Chose your tools. Information resources can take the form of blogs, videos, articles, social media posts and more. Decide which ones make the most sense for you.
Plan the workflow. Some companies have the resources and skill sets to generate their own content, but most will partner with an online marketing specialist. When partnering, do you want to develop the topics and let the agency generate the content? Or will the agency come up with the ideas and present them for your review? How hands-on do you want to be? For social media sites like Facebook, you’ll want to plan a steady flow of planned content, on the one hand, while handling daily interaction with followers on the other hand.
Identify your spokespeople. It’s good to involve managers and employees in communications and not just rely on an impersonal corporate voice. Figure out who will be speaking and how. Keep in mind that an agency can ghostwrite copy that you will attribute to particular staff members.
Focus on Interactivity. To unlock the immense power of social media, you need to generate interaction with your followers. Ask questions and urge people to share your resources and discuss their thoughts. The algorithms that search engines and social media sites use to assign visibility value interaction very highly.
Try different things. Different resources appeal to different people, and you want to cast a wide net. Try to appeal to men and women alike with your mix of topics and resource types.
Set rules. Social media is a spontaneous medium, but you want to be extremely disciplined about what you say and how you say it. Set standards for how quickly you will respond to customers, who will post the responses, and who you will attribute the responses to. Never allow anyone to lambaste a customer online for a negative comment or review.
You’ll invest a lot to attract consumers online, and you need to be mindful of the tone of your informational articles. Any piece that is designed to inform consumers should do exclusively that with virtually no attempt at sales. Focus on providing information as though you were talking to a good friend. As long as the reader knows where to click to contact your company or get more information, you’re covered on promotion. Allowing the lines to blur and veering into excessive promotion will undermine everything you are attempting to do.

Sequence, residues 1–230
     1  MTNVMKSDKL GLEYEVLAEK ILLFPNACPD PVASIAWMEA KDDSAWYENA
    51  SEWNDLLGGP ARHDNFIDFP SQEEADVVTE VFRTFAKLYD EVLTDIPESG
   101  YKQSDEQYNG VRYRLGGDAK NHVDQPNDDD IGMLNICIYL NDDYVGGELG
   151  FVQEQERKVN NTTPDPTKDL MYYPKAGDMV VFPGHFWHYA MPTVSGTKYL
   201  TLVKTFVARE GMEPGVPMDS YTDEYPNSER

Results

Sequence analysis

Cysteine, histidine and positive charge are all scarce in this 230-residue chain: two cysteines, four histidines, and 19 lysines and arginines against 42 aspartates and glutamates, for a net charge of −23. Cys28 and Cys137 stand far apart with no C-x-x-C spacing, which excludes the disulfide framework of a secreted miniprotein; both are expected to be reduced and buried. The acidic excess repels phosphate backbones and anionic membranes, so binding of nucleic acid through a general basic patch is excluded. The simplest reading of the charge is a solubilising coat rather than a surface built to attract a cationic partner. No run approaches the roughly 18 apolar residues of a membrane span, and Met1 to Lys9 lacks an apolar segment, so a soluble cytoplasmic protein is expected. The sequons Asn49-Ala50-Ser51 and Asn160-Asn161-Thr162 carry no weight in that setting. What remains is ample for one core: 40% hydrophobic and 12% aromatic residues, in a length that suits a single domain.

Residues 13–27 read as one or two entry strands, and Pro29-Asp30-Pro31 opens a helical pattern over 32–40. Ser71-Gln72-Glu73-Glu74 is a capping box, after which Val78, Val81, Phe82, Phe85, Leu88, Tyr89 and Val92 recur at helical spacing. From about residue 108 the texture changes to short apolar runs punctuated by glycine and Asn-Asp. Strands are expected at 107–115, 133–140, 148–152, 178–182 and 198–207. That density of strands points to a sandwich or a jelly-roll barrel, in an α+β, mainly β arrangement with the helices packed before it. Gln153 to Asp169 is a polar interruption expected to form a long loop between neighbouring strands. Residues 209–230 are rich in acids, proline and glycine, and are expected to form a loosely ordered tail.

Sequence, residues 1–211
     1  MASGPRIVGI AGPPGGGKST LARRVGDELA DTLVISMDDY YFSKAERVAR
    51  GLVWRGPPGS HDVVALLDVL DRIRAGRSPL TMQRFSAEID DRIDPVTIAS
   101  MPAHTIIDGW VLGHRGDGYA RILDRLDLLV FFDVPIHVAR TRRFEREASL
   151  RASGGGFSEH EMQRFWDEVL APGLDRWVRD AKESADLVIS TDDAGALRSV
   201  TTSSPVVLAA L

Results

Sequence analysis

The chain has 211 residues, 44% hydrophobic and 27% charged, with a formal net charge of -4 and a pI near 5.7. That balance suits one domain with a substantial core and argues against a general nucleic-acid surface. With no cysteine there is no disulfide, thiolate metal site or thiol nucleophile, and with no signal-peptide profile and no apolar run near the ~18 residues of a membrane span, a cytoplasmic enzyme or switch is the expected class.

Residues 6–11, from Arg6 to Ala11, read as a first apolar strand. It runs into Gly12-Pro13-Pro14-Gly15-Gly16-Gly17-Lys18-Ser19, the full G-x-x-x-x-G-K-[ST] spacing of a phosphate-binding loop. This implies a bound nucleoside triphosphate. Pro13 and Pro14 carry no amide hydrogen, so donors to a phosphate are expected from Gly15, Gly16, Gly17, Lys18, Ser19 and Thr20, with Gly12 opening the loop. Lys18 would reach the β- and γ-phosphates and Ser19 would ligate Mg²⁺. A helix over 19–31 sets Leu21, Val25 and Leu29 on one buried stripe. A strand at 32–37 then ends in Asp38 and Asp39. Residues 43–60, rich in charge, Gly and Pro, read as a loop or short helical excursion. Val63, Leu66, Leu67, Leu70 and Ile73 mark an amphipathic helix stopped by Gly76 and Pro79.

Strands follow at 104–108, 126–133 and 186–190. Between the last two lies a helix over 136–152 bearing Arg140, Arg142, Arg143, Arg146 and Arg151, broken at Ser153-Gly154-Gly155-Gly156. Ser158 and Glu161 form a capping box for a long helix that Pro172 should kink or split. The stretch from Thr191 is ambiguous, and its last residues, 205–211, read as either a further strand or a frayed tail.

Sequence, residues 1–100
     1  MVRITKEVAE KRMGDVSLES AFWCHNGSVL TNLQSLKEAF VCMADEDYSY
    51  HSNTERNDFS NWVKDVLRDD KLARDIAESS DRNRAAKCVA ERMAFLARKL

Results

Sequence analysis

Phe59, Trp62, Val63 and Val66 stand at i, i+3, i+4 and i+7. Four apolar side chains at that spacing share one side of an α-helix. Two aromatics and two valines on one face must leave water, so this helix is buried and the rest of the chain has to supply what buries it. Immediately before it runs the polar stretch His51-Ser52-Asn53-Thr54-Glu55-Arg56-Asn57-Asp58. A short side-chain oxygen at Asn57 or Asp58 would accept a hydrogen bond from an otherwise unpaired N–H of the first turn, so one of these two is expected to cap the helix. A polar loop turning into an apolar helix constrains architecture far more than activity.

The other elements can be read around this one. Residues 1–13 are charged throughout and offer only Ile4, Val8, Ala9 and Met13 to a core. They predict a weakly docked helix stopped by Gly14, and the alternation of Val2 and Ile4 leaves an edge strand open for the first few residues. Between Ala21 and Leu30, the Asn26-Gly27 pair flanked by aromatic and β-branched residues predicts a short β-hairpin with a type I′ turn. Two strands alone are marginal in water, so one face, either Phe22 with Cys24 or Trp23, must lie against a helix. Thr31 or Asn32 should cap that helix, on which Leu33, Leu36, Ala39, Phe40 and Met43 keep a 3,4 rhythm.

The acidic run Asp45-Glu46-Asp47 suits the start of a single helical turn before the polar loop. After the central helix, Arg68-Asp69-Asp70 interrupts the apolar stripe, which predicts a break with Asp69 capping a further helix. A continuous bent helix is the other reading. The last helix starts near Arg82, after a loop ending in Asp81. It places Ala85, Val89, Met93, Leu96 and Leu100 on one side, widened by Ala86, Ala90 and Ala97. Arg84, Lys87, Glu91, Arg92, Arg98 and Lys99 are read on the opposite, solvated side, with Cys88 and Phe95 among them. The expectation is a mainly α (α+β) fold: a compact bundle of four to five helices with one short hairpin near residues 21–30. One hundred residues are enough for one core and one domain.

You can extend your reach and enhance your image by sharing information online about charitable causes and events that you support. Seek affiliations that reflect well on your company and judiciously share information about them. As long as you don’t stray too far from the core task of providing relevant information, you can improve your company’s appeal.
Speak the Language of Search
Always keep in mind that you are speaking not just to customers and prospects but also to the search engines. For Google and Bing to feature your information prominently you need to optimize it by using words and phrases in the text that match what consumers are seeking, as well as adding behind-the-scenes coding to every blog post, article or video.
Inbound marketing gains momentum over time as your resource collection grows and social media users interact with your materials and share them with friends. Commit to a long-term, consistent strategy and remember that Internet-based assets gain value over time. For example, a customer who first encounters you a year from now – after you have made 50 blog postings and attracted hundreds of Facebook friends – will be more impressed than someone who sees you with just two posts and 20 friends.
If you aspire to grow your market share and be a dominant player in your market, there is no time to waste in building out your inbound marketing resources. The sooner you begin, the more distance you’ll be able to create between yourself and your slower-adopting competitors.
Richard Rutigliano is President of PriMedia, Inc., a full-service Advertising/Integrated Marketing Communications/New Media firm with offices in New York, Boston, and Philadelphia.
This article was originally published within Indoor Comfort Magazine in August 2011.